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Our cleaning staff is keeping the flat tidy and in good nick. For your convenience.

Does that read correctly?

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I wouldn't use a full stop in the middle. –  Henry Apr 30 '11 at 14:22
    
Shouldn't it be "Our cleaning staff are..." –  neil Apr 30 '11 at 22:40
    
@neil: Is "staff" plural? –  Kosmonaut May 1 '11 at 0:05
    
@Kosmonaut: Staff is a collective noun and so it seems can either be treated as singular or plural depending on the context. "staff is" sounds very strange to my BrE ears, whereas "Our cleaning team is..." would sound perfectly reasonable. –  neil May 2 '11 at 14:11
    
@neil: BrE is as you describe, AmE is not. "Staff" is just singular in AmE. –  Kosmonaut May 2 '11 at 14:16

3 Answers 3

up vote 1 down vote accepted

The message seems grammatically correct.

But the OALD states that the expression you used, (in good nick), is informal. Considering the whole message, which appears to be a staff communication, informal language should be avoided.

You can simply say, for example:

"Our cleaning staff is keeping the flat tidy and in good condition. For your convenience."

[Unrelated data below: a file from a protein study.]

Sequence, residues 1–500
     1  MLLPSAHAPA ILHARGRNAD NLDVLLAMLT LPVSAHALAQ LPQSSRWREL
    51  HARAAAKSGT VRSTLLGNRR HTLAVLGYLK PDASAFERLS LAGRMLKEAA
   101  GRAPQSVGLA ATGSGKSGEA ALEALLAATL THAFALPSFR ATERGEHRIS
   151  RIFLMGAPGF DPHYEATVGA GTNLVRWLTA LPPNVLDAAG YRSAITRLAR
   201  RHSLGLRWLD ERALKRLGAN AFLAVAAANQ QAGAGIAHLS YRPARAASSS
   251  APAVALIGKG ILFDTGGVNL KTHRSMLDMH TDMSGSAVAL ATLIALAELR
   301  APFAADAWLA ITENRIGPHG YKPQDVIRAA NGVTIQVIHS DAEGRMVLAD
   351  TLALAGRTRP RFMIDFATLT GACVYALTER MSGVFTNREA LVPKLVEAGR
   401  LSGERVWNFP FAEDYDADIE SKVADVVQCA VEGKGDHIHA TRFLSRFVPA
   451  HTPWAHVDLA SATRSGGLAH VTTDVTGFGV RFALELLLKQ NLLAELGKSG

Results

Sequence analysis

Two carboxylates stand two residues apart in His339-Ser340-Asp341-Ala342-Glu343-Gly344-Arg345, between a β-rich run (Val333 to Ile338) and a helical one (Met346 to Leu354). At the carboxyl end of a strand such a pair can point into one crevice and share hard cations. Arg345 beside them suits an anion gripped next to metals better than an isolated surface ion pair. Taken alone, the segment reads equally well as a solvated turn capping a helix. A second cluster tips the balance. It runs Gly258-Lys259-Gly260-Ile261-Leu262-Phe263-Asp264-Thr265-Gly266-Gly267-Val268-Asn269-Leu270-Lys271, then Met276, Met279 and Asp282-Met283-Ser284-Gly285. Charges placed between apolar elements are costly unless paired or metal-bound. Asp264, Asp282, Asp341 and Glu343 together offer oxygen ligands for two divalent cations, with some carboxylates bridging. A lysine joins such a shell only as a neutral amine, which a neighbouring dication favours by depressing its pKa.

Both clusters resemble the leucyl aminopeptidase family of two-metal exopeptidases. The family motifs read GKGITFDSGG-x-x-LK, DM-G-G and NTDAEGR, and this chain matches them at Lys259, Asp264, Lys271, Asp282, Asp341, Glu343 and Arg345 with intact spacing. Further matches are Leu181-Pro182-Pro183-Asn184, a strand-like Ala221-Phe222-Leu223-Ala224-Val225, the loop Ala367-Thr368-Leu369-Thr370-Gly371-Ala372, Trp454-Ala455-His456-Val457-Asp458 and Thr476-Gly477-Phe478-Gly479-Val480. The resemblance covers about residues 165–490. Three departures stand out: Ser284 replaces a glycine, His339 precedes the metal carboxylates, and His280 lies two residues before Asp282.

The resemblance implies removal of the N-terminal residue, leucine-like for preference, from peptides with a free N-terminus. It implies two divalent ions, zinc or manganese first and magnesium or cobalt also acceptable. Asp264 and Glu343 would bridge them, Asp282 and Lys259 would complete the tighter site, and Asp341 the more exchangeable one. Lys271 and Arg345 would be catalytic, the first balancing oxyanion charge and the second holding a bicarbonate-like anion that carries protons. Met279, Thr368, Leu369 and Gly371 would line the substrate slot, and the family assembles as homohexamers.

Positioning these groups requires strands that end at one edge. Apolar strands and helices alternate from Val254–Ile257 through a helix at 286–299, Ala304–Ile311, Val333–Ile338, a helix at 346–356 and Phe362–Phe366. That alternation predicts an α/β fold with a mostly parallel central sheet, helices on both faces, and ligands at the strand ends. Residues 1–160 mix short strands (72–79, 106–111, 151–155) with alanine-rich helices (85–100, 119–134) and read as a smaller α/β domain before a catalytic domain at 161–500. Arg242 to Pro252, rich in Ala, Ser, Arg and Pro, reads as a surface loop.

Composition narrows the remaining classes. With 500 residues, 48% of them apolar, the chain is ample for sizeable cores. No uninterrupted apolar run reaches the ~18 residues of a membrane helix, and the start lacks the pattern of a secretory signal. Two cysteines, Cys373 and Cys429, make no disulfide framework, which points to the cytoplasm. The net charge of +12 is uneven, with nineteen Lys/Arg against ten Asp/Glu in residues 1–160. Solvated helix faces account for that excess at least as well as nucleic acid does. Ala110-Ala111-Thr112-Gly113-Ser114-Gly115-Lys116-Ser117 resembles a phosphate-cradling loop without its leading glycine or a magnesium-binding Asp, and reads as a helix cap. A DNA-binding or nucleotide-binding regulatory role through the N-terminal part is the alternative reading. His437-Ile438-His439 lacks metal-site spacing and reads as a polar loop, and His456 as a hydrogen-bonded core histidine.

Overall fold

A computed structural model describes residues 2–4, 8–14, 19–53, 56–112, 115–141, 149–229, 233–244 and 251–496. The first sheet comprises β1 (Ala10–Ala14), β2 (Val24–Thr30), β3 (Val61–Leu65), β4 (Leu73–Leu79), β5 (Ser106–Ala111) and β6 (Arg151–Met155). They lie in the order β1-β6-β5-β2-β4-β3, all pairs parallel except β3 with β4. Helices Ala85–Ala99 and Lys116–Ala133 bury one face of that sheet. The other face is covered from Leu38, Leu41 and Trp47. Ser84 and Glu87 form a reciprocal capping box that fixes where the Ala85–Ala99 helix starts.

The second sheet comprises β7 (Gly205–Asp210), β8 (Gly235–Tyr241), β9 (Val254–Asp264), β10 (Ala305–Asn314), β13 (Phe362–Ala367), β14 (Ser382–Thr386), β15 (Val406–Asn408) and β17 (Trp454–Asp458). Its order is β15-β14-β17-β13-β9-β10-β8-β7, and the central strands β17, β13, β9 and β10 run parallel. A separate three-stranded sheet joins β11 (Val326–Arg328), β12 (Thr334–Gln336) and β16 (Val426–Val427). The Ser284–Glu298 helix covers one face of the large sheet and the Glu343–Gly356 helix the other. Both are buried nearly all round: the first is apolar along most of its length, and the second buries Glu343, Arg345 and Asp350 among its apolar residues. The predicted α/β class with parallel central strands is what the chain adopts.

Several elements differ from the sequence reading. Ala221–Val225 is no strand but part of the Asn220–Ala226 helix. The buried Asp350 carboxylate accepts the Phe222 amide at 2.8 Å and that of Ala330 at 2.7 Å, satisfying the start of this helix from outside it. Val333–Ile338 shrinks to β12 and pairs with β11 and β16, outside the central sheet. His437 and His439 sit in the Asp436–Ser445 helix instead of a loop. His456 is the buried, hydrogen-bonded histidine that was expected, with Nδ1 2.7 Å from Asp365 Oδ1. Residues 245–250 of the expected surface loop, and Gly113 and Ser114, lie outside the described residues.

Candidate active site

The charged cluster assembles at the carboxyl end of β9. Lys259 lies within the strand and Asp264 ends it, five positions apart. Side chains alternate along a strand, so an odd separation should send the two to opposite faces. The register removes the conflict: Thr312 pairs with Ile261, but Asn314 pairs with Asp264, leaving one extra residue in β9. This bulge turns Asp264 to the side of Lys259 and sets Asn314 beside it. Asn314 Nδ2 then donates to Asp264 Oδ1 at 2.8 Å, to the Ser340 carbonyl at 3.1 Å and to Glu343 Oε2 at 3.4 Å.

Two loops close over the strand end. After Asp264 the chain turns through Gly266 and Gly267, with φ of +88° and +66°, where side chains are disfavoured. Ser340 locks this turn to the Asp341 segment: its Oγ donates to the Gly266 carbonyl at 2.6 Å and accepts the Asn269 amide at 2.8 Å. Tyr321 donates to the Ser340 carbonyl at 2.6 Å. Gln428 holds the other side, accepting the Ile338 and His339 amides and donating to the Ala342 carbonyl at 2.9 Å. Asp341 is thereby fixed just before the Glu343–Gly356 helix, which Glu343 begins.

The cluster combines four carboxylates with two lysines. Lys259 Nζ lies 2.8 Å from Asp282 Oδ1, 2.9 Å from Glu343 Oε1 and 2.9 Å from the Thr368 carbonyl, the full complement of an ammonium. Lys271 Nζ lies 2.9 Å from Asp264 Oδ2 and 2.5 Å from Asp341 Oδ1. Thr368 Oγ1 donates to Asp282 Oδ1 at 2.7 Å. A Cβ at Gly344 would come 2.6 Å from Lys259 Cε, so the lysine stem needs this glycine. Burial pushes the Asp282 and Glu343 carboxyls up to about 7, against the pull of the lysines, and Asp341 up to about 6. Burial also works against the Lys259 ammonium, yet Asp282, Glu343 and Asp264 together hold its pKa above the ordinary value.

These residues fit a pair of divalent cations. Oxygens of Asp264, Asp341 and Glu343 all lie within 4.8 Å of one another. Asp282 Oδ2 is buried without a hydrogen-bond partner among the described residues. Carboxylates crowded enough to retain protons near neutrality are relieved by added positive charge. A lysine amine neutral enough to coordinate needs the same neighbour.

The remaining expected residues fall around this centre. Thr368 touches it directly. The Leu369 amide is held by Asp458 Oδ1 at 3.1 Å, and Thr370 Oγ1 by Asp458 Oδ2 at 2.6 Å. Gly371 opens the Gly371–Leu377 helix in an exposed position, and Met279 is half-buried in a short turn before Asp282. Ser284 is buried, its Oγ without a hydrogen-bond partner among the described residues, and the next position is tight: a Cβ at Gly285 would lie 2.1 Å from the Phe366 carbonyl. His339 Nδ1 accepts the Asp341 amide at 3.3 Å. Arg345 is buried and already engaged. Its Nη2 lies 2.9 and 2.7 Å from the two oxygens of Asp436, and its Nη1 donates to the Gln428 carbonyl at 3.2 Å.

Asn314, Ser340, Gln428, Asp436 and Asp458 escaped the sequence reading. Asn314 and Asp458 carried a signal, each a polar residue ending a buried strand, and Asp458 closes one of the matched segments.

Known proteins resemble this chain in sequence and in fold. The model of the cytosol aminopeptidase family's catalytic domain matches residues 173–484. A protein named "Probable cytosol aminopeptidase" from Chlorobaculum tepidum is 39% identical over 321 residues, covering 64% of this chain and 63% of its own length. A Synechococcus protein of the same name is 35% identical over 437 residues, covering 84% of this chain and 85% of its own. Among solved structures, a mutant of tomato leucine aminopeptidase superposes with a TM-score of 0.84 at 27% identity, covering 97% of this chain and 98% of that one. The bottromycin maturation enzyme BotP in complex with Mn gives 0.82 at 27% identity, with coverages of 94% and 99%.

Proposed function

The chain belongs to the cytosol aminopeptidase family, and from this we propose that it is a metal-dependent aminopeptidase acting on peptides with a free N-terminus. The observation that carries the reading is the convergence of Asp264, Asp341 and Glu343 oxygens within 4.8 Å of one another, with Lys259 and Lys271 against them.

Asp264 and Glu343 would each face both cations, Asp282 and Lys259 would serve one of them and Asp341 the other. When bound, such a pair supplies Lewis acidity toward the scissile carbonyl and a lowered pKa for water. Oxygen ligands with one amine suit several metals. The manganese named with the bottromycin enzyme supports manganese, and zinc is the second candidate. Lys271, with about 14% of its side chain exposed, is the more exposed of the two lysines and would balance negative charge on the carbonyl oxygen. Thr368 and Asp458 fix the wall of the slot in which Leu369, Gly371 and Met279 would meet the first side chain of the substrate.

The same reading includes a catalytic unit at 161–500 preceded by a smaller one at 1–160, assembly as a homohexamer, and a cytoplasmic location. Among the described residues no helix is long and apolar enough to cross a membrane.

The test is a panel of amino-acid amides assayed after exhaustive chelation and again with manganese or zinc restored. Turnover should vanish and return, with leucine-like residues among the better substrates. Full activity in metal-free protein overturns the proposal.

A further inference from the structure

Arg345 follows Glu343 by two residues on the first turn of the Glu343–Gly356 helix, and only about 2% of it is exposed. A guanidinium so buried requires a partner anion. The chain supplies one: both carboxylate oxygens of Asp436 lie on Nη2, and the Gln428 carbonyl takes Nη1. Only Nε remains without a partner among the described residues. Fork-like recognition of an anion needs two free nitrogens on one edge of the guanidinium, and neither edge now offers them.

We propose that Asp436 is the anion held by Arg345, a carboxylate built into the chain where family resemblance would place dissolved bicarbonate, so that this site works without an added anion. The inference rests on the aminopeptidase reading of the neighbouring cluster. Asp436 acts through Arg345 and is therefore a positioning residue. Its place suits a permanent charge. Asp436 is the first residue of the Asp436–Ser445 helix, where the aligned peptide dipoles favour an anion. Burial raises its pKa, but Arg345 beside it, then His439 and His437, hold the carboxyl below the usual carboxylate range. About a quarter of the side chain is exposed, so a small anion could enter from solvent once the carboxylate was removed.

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well - it's actually rather a joke since that's gonna be written on the housework plan of our flatshare. Does it sound fine then? –  Mat Apr 30 '11 at 13:19
1  
If the situation doesn't require formal English, I'd say it's fine. :D –  Alenanno Apr 30 '11 at 13:26

According to this slang usage site, "nick" refers to quality:

nick Adj. Quality. Usually heard in the expressions, good nick or bad nick. E.g. "For that much money, you'd expect it to be in good nick."

So the sentence seems fine in British colloquial English.

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For your convenience is a sentence fragment. I would connect it to the previous sentence:

Our cleaning staff is keeping the flat tidy and in good nick, for your convenience.
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